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Telling Tales: Greetings from Pago Pago!

  • PVS crew member Adam Jenkins works on Hokule'a's mast above a gusty Pago Pago Harbor. (Marcel Honoré / Star-Advertiser)
  • The Hokulea arrived at Pago Pago, American Samoa on Aug. 21. Star-Advertiser reporter Marcel Honore' is among the crew who will sail on the next leg of the voyage. (Courtesy Polynesian Voyaging Society / Scott Kanda)
  • Hikianalia Captain Bob Perkins mugs for the Oiwi camera. (Marcel Honoré / Star-Advertiser)
Hikianalia Captain Bob Perkins mugs for the Oiwi camera. (Marcel Honoré / Star-Advertiser)
Hikianalia Captain Bob Perkins mugs for the Oiwi camera. (Marcel Honoré / Star-Advertiser)
PVS crew member Adam Jenkins works on Hokule'a's mast above a gusty Pago Pago Harbor.  (Marcel Honoré / Star-Advertiser)
PVS crew member Adam Jenkins works on Hokule’a’s mast above a gusty Pago Pago Harbor. (Marcel Honoré / Star-Advertiser)

The island in American Samoa greeted us with a stiff crosswind as we hit the runway Monday night. Which is relevant because the gusty weather may already be affecting our sail plan. Nainoa and several navigators will discuss Tuesday and should know by midday when the weather might be clear for us to sail for Apia.

If there’s a good byproduct of this wind it’s that the mosquitoes we’re so worried about haven’t been around. That didn’t stop us from dousing ourselves in insect repellant right outside the airport as everyone got organized, circled around a pile of dry bags and canoe gear. The leg 2 folks flew back just as we landed. Ohana passing in the night.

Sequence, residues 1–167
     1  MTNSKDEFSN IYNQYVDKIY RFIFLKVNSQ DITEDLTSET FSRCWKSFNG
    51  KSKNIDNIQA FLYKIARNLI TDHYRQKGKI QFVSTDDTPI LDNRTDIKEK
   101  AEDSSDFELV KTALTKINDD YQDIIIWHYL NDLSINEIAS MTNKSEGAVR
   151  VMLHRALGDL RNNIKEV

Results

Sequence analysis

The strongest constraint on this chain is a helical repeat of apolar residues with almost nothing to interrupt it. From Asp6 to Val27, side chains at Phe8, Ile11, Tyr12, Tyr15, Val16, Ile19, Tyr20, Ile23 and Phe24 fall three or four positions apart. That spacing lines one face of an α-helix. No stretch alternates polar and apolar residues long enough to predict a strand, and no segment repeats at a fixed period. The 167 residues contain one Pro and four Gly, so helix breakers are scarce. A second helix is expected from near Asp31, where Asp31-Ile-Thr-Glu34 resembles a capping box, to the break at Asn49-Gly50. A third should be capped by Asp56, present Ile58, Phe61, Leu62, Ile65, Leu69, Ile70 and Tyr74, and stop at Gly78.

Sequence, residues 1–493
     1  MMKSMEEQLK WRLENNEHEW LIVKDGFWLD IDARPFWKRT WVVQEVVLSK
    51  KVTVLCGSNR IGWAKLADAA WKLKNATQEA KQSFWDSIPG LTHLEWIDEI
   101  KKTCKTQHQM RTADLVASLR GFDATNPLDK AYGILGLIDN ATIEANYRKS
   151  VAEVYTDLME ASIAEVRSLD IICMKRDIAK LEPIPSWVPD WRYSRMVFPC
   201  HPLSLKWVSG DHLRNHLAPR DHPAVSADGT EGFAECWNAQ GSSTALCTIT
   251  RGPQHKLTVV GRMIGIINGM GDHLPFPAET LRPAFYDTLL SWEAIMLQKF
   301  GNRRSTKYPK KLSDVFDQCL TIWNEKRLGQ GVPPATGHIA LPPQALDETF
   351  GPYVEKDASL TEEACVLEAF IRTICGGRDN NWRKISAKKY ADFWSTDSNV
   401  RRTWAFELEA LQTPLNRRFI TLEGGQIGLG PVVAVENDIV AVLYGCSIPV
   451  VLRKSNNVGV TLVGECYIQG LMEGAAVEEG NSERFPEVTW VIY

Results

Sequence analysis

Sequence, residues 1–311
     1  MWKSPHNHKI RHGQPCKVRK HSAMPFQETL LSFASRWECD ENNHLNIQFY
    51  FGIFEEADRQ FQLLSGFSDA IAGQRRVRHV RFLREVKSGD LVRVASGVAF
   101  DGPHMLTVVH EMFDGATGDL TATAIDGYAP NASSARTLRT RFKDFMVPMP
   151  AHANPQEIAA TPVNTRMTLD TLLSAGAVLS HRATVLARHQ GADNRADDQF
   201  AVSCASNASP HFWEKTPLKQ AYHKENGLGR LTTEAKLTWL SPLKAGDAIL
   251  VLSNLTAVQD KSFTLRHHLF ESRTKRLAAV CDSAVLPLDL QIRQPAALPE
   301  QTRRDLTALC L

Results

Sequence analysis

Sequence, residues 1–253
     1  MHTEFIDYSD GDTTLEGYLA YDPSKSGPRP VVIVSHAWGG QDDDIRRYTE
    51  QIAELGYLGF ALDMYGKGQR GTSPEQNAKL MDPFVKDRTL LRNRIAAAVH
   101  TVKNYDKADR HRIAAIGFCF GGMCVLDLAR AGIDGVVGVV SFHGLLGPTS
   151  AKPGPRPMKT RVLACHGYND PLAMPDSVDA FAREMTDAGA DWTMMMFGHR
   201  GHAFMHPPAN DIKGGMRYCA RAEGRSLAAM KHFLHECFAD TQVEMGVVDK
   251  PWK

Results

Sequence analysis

We’re staying at an inn called Sadie’s right on the water. Across the harbor, the purse seiners are lit up like ball parks against the night sky.

On Tuesday, it’s a whole lot of work on the canoes.

Honolululu Star-Advertiser reporter Marcel Honoré joins the traditional voyaging canoe Hokule‘a to chronicle the third international leg of its Malama Honua (“Care for the Earth”) worldwide voyage. Hokule‘a and escort canoe Hikianalia plan to visit several island ports, sailing from Samoa to the Phoenix Islands, part of Kiribati, and back — an approximately 1,800-mile journey that’s expected to take more than a month.

The Hokulea arrived at Pago Pago, American Samoa on Aug. 21. Star-Advertiser reporter Marcel Honore' is among the crew who will sail on  the next leg of the voyage. (Courtesy Polynesian Voyaging Society / Scott Kanda)
The Hokulea arrived at Pago Pago, American Samoa on Aug. 21. Star-Advertiser reporter Marcel Honore’ is among the crew who will sail on the next leg of the voyage. (Courtesy Polynesian Voyaging Society / Scott Kanda)
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